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Cleveland Is Getting Better 

You may not believe this, but according to Wally the barkeep . . .

Wally Pisorn remembers the truly violent days, when even lawyers were quick to throw a punch. - WALTER NOVAK
  • Walter Novak
  • Wally Pisorn remembers the truly violent days, when even lawyers were quick to throw a punch.

You might say Wally Pisorn is intimate with violence.

Born in the Slovenian Republic during World War II, his earliest memories are of occupation by the Italian army and the American bombs meant to dislodge it. When sirens carved the air, his mother would hustle her nine kids into a bunker. Dad was in the woods, fighting as part of the resistance.

"If he been home, they probably kill him," says Wally.

The war's end would do them no favors. If the Italians were murderous sociopaths, the commies were worse. Dad fled to Austria, then Cleveland. "He leave because after the war, the communists take over and kill many, many people."

It's hard to imagine today, but 1950s Cleveland was considered paradise in the manual of Eastern Bloc flight. If you owned a sturdy back and a willingness to grind, there was good work — at good wages — everywhere you turned. "At the time there was a lot of factories," says Wally. "Easy to get job."

Dad became a steelworker. But intercontinental air travel was still in its infancy, and seats from Eastern Europe sold for $2,000 a pop, nearly as much as a house. One by one, Dad bought passage for his family. It wouldn't be until 1964 — nearly 20 years after the war — that Wally arrived in paradise.

Here's where the story turns to one of immigrant success. He worked at a machine shop, then at the downtown Sheraton. With loans from other Slovenians, he eventually saved enough to buy the Harbor Inn in 1969.

Opened in the Flats in 1895, it wasn't much to look at. Half the joint still had dirt floors. And when Wally bought the place, the West Bank wasn't the odd confluence of luxury condos and abandoned buildings that it is today. It had gotten an early jump on what would become Cleveland's multi-decade plunge into disrepair. Wally puts it succinctly: "It was a very rough area. There were a few bars, junkyards all around, and it was a dump place for dead people, murders."

Ah yes, murders.

In reminiscing about Cleveland past, we tend to forget this was always a violent place. The gangsters of the era weren't rap-video wannabes and half-wit midgets made tough by the piece of steel tucked into their belts. They were usually family men — Italians, Irish, Jews — with a gift for making money, and an equal gift for killing each other in spectacularly vicious ways.

Their preferred method was what's now antiseptically called the Improvised Explosive Device. Clevelanders were employing them long before psychos in Iraq got in on the game, setting them off on front porches, in cars in dentists' parking lots. A thirtysomething Lakewood man recalls how his childhood neighbor, a union official, always started his Caddy by remote control. To do otherwise was an expedient route to becoming a former union official.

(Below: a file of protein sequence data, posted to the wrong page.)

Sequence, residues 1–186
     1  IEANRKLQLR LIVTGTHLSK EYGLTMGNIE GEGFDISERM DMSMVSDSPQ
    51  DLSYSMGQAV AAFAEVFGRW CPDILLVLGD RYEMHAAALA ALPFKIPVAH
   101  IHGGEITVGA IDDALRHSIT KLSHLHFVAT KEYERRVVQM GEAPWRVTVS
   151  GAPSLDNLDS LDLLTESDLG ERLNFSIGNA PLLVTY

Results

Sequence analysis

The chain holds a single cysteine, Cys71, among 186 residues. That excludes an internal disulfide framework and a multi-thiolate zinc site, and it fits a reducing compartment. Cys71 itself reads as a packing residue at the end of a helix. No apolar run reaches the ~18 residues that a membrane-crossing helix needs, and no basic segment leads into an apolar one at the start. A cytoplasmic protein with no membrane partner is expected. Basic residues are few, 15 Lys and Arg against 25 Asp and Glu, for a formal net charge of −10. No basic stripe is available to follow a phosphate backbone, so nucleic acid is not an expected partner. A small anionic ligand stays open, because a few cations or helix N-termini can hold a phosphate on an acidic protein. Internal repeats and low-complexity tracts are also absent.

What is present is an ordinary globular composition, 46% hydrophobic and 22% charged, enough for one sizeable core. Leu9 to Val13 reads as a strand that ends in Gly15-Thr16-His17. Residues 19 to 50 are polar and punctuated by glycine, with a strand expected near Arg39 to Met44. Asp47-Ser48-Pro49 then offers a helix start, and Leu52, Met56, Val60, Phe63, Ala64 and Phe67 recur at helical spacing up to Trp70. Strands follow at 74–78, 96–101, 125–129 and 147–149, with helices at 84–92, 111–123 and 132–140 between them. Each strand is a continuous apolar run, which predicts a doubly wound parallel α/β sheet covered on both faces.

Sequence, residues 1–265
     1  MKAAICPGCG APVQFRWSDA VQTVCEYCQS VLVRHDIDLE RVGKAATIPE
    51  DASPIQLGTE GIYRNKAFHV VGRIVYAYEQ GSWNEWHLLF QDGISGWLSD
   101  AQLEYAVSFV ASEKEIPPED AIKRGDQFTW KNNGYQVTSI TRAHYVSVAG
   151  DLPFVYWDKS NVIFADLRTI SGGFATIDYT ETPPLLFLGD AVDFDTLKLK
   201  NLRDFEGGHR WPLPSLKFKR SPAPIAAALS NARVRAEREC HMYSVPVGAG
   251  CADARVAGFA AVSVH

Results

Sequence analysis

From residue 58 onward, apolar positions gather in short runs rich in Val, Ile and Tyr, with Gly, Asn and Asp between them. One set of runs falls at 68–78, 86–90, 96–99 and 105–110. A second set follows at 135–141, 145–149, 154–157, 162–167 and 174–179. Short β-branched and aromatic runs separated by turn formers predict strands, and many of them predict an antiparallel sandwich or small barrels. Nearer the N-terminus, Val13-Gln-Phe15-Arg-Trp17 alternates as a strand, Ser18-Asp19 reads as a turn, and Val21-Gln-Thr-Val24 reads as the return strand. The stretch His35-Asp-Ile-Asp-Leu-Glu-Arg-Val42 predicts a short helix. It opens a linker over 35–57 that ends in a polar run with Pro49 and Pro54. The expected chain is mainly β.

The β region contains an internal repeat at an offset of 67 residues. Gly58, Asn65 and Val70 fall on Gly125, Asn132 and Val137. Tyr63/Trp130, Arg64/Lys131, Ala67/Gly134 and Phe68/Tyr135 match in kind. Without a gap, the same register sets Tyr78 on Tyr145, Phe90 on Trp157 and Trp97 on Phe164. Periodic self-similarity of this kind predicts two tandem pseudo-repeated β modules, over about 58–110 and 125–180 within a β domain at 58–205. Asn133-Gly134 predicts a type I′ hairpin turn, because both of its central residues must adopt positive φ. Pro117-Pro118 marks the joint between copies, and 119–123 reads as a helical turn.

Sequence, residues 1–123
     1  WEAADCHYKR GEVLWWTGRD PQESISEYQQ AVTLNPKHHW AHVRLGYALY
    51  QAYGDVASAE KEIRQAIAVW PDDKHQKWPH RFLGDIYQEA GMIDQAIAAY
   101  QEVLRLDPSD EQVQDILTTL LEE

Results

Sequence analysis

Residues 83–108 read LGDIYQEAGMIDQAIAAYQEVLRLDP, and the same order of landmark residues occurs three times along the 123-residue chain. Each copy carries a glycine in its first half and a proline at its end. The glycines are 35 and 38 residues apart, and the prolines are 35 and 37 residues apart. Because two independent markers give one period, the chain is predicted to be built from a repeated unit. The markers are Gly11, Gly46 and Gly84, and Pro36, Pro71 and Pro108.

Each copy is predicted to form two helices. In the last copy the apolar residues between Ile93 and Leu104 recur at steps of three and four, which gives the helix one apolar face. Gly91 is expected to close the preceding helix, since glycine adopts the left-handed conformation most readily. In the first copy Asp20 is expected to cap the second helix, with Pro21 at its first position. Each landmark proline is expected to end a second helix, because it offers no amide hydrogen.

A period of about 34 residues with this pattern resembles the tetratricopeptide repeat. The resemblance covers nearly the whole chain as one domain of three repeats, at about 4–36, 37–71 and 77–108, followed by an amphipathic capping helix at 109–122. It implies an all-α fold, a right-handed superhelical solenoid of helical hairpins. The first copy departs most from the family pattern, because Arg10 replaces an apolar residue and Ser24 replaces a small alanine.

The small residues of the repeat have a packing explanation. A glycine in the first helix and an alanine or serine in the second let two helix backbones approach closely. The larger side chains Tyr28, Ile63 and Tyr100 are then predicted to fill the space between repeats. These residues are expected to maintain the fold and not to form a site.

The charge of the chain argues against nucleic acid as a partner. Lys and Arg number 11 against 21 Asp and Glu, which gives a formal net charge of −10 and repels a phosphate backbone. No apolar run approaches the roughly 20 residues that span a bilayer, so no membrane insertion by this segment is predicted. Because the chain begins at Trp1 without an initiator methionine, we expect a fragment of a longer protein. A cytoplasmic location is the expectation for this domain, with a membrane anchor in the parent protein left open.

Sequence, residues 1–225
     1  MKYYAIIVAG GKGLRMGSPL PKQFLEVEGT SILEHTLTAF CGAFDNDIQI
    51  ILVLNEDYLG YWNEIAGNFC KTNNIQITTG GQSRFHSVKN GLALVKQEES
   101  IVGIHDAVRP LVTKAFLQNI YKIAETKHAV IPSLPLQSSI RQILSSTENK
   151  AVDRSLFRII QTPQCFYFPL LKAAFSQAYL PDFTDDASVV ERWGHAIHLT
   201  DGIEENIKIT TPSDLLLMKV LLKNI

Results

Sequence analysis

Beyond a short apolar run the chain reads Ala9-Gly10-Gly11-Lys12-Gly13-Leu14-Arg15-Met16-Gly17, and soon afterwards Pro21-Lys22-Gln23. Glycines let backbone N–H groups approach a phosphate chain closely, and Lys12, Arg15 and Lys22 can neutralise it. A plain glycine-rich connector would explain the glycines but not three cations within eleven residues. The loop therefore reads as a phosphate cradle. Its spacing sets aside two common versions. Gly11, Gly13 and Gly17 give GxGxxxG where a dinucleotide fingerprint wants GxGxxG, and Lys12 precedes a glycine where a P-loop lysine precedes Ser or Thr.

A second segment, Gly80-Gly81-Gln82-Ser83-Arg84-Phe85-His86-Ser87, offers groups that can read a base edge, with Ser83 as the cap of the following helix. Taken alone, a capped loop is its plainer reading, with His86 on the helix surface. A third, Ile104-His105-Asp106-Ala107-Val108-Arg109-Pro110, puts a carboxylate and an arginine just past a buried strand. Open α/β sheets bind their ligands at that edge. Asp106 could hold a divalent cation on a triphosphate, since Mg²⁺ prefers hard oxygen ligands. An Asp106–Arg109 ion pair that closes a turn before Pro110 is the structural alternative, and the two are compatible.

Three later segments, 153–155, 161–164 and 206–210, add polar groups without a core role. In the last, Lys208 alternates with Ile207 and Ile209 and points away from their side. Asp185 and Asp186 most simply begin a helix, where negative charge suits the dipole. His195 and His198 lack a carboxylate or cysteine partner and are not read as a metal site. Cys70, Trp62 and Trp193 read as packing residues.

They also killed silently, dumping their prey amid the decay surrounding the Harbor Inn. Detectives regularly visited Wally to see whether he knew anything about the latest body found not far from his door. Were Cleveland to witness such violence today, Mayor Frank Jackson wouldn't be cracking down on gun possession; he'd be calling the National Guard.

And in Wally's corner of the world, vengeance wasn't simply the province of gangsters. The Harbor Inn has always served a pleasant mix of tradesmen and professional drunks, decorated with a layer of cops and white collars. By day, they were family men, the kind who showed up for work, put food on tables, and went to Mass every Sunday. By night, however, it wasn't uncommon to see these same men pounding away on strangers for no apparent reason.

"There was almost problem every day," says Wally.

The longshoremen and construction guys didn't take kindly to the suits and ties sharing their habitat. And in those days, the suits weren't the pink-golf-shirt variety now found in freeway-exit bistros. They were ex-football players and ex-Marines who became lawyers and prosecutors. They weren't inclined to back away from a challenge, no matter how stupid the dispute.

A bump, a bad look, one too many shots — suddenly someone's getting his face pounded in. And if you lost the first bout, it wasn't uncommon to seek a rematch — or three.

Fortunately, to pull a gun or a knife was considered effete. As a friend likes to say, "Guns are for pussies."

It went on this way through the '90s, says Wally, until the modern world chased Cleveland down. Harsher drunk-driving laws stemmed the flow of whiskey. Judges lost their boys-will-be-boys sensibility toward felony assault. And instead of asking for a rematch, losers now ask for damages for emotional distress.

Some see it as the sissification of America. Real gangsters replaced by 14-year-old morons. Real tough guys replaced by punks who go for guns at the slightest threat. Maybe it's not the violence we resent. Maybe it's just that candy-asses are the only ones practicing a time-honored tradition.

Wally doesn't care what you call it. He just knows it's better. These days, you'll mostly find him keeping peaceful sentry on a corner stool, talking to the regulars. He can't recall the Harbor Inn's last fight — "probably 1990s."

And while the rest of us may see a city plummeting toward a Rust Belt Hell, Wally Pisorn, a lifelong student of violence, sees a pleasing ascension in the opposite direction.

"It's very more easy now," he says. "It's all around. It's very nice."

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